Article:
Tanase and Lozhkin have a unique perspective on the hidden ecosystem of the Dark Web. Although the Surface Web has search engines to index its contents and connections, there was no map of the Dark Web on Tor. Tanase and Lozhkin set out to create one.
“We started with a list of known hidden websites hosted within [Tor], so we’ve been crawling, accessing these websites and looking for links to other websites,” says Tanase, describing their process of mimicking Google’s approach in mapping the Surface Web. Though the number of hidden services on Tor is relatively small compared with the Internet at large (Tanase describes it as containing “thousands but not tens of thousands of websites”), the researchers say the Dark Web will remain a bit of a mystery, even after their explorations.
“There are a number of sites that go offline every day and some that are available for months or weeks,” says Lozhkin. “In the next few hours, the sites with the same content can be available on a completely different address.” The relative difficulty in simply finding hidden services, in addition to the anonymity provided by Tor, feeds the Dark Web’s aura of mystery. Not to mention the exclusivity of its illegal offerings.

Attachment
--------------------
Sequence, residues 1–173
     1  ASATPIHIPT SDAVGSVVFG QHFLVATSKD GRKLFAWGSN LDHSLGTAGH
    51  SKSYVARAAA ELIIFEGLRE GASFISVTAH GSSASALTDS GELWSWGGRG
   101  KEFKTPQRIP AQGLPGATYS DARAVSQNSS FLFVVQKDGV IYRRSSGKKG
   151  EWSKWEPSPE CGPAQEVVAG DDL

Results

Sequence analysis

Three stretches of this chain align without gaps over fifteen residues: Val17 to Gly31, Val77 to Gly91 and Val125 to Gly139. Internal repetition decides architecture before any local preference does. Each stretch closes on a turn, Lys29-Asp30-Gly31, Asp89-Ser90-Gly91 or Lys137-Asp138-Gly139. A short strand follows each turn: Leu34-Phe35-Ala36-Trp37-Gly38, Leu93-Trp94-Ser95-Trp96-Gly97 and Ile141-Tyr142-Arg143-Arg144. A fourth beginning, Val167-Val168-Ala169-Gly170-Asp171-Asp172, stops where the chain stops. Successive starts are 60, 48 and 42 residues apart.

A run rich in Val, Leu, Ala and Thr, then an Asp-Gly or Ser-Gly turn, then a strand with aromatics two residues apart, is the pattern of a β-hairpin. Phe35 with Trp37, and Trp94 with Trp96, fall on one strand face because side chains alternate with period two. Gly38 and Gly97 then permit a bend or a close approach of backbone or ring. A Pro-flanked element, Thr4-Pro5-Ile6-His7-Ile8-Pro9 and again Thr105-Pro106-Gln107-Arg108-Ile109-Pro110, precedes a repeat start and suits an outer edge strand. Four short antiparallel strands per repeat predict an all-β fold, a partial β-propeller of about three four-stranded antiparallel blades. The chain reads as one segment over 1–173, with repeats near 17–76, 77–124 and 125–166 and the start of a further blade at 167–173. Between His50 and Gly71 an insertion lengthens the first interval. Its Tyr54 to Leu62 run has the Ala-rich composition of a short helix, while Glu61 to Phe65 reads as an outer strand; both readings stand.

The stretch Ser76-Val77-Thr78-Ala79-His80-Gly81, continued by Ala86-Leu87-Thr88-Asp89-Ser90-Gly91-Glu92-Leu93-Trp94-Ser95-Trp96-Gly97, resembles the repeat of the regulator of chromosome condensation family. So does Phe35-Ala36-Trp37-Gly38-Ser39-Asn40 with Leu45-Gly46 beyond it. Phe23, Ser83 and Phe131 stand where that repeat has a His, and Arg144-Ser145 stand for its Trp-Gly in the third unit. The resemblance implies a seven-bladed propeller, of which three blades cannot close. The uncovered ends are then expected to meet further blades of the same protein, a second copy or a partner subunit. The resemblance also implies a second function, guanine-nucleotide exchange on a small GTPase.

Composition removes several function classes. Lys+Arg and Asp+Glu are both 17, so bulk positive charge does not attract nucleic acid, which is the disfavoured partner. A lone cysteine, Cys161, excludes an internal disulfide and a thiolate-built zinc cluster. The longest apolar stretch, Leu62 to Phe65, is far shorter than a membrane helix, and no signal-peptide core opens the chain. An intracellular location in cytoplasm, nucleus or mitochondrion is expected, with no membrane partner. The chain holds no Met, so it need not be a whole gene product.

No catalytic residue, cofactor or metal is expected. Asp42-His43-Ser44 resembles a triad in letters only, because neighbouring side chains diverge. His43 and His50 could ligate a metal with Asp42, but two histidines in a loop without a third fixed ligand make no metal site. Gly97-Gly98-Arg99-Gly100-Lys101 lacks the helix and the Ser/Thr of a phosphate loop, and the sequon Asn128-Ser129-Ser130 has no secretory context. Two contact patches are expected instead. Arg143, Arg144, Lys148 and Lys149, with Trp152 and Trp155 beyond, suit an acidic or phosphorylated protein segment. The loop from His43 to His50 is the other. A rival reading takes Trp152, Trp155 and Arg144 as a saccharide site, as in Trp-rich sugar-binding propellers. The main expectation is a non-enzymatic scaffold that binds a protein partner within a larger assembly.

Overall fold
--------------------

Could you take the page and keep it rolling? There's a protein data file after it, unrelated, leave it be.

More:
But even that’s changing. These days, you can download a specially modified Web browser from Tor that requires little to no technical know-how to use. The Dark Web is nearing drag-and-drop simplicity. There’s even an officially supported Android client you can use to access Tor on the go. Using tactics similar to those of the Kaspersky researchers, search engines have begun to appear within the Dark Web over the last year or two. “They’re like Google,” says Lozhkin. “Search whatever you like. I dunno, malware, drugs, stuff like this, and get links right away.”
This is what most people imagine the Dark Web to be: an electronic black market where anything is available. And the researchers I spoke with confirm that all that—and worse—is available on websites hidden within Tor. Drugs, guns, and even rhinoceros horn are for sale on the Dark Web, but those still require the physical exchange of goods. The Dark Web is, without question, far more dangerous when it comes to easily distributing illegal digital material, such as child pornography. In 2011, the Dark Web child pornography marketplace Lolita City made headlines when activists from Anonymous knocked the site offline and released information about its patrons. At the time, it was reported that the site hosted more than 100GB of sexual images of children as young as toddlers. When Eric Eoin Marques, the operator of a Tor-based webhosting service called Freedom Hosting (which hosted Lolita City and was also attacked by Anonymous), was arrested in 2013, the Irish newspaper The Independent wrote that Marques’ customers used the service to share “graphic images [depicting] the rape and torture of prepubescent children.”